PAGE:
Who is losing out most and what are the options when it comes to reputational risk and damage?
Much has been reported about the horse meat scandal in the food supply chain, much angst and much anger, and many perfectly edible food products have been removed from shop shelves and presumably destroyed. Rather than exploring the rights and wrongs of the situation, I want to open out and think about the broader impact on reputation. Who is losing out most and what are the options?
Most businesses and their trade bodies will expend much time and money lobbying for relaxed regulation. Regulation is often cited as a barrier to profit and growth, it is often blamed for the continued recession in Europe. But then a controversy, like the one over past few weeks, hits the headlines and people question corporate reputations and processes. But at the same time questions are asked of the regulatory process. In fact, in many cases it is the reputation of the regulatory authority that is more exposed than the corporates. Why should this be the case? There are a number of possible answers to this question. In perhaps very simplistic terms in the case of the horse meat scandal, it might be because of those pesky foreign companies acting illegally and a failure to regulate their activities in the locality or a failure to prevent imports. But how are we going to ensure the stable door remains bolted in the future and what form should the bolt take?
Responsible sourcing is now a part of the licence to operate for many companies. It is necessary because of the complexity of the global supply chain and multiple players are involved. Gradual increased scarcity in raw materials and the environmental and social impact of their extraction, has created a further dimension. The complexity is not helped by the plethora of national, thematic or in-house supply chain and responsible sourcing schemes that are seemingly in competition. The resulting mosaic of standards, labels and certifications is confusing to all concerned.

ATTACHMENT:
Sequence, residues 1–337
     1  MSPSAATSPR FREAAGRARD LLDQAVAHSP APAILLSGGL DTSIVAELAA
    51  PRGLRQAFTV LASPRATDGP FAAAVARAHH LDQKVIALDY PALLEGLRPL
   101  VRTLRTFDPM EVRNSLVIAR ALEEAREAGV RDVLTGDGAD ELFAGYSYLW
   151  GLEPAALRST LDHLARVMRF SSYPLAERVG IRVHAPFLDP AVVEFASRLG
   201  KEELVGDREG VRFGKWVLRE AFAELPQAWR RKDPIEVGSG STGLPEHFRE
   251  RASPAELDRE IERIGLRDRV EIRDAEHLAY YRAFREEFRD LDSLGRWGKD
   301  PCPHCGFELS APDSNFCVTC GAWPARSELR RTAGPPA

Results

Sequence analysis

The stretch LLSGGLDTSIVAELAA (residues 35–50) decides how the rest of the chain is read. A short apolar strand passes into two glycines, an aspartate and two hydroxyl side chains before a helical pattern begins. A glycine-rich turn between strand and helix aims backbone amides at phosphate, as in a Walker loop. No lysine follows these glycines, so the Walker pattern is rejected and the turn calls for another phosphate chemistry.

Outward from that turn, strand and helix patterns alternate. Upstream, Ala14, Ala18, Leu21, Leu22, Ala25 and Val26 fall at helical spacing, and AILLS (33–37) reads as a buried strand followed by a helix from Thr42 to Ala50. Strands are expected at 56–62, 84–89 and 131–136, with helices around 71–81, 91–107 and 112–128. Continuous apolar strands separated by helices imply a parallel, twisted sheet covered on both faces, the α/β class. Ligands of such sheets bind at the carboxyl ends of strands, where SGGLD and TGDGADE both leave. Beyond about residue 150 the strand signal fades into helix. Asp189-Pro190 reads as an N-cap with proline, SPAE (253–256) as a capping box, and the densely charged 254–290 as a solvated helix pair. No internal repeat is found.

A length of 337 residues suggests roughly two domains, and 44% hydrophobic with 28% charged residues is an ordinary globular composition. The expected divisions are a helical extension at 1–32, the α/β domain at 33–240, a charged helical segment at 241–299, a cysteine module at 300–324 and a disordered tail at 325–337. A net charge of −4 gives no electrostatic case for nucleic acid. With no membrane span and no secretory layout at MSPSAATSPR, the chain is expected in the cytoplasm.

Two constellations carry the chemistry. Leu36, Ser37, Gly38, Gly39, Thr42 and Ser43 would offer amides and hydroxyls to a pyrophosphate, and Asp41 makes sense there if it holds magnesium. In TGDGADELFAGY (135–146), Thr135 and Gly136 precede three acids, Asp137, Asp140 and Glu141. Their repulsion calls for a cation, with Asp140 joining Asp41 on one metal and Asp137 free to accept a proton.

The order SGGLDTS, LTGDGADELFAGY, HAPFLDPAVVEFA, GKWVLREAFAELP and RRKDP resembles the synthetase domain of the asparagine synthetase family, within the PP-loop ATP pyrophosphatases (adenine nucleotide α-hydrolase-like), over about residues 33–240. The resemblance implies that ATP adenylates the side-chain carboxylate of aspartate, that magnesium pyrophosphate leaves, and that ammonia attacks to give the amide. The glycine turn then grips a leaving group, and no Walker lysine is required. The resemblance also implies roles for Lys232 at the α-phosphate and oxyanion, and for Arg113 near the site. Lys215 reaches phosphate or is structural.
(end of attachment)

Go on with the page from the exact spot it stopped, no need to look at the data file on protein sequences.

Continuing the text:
The perpetual debate between regulation and deregulation swings back and forth depending on our ability to remember the last transgression. Earned autonomy is a phrase that has recently emerged as a concept. It basically states that companies can earn a level of increased autonomy through good performance. The short-term business benefit is fewer regulatory visits and thus autonomy is earned.
I hope that no one would argue that we should have zero regulation – that business should be free to do exactly as it pleases, that it can push the boundaries of acceptable behaviour until something bad happens. It is equally the case that regulators can’t and shouldn’t run businesses. Finding a position between these two extremes and perhaps as importantly rewarding good behaviour with relaxed regulation, is what most politicians and responsible businesses want.
Put into this mix third-party certification against accepted standards creates a further level of complexity. Independent certification to standards is often, wrongly, equated with regulatory inspection. The two processes provide a complementary value to organisations and both come with a cost.
Ultimately when things go wrong we look for someone to blame. The complexity of the global economy and the supply chain, the complexity of certification and legislation and the desire to be competitive will always make the identification of fault very difficult. In some ways, it is the very dense nature of the undergrowth that means that the regulator with their apparently simple duty becomes the most exposed. Are they not, after all, the bolt?
From business’s perceptive, is earned autonomy actually a poisoned challis? If business wants to be autonomous and work without inspection by a regulatory body then any disasters fall very clearly at the feet of the company whose brand is exposed. So it could be argued that the complexity of global trade provides a level of security for company reputations. Earned autonomy therefore might neither secure the door nor provide suitable cover for business when the horse is flying out the door.
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Republished with permission from the Vivian Partnership blog.